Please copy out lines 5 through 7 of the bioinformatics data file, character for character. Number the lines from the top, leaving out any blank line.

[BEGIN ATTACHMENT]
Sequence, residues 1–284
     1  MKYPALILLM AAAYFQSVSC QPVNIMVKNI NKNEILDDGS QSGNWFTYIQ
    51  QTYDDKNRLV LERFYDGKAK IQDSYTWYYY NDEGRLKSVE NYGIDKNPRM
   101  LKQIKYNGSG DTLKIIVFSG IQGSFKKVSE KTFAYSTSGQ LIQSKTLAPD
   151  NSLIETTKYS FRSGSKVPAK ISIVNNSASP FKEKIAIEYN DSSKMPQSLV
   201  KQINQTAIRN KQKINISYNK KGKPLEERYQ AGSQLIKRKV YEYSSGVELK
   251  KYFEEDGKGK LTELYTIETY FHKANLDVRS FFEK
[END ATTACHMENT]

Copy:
   151  NSLIETTKYS FRSGSKVPAK ISIVNNSASP FKEKIAIEYN DSSKMPQSLV
   201  KQINQTAIRN KQKINISYNK KGKPLEERYQ AGSQLIKRKV YEYSSGVELK
   251  KYFEEDGKGK LTELYTIETY FHKANLDVRS FFEK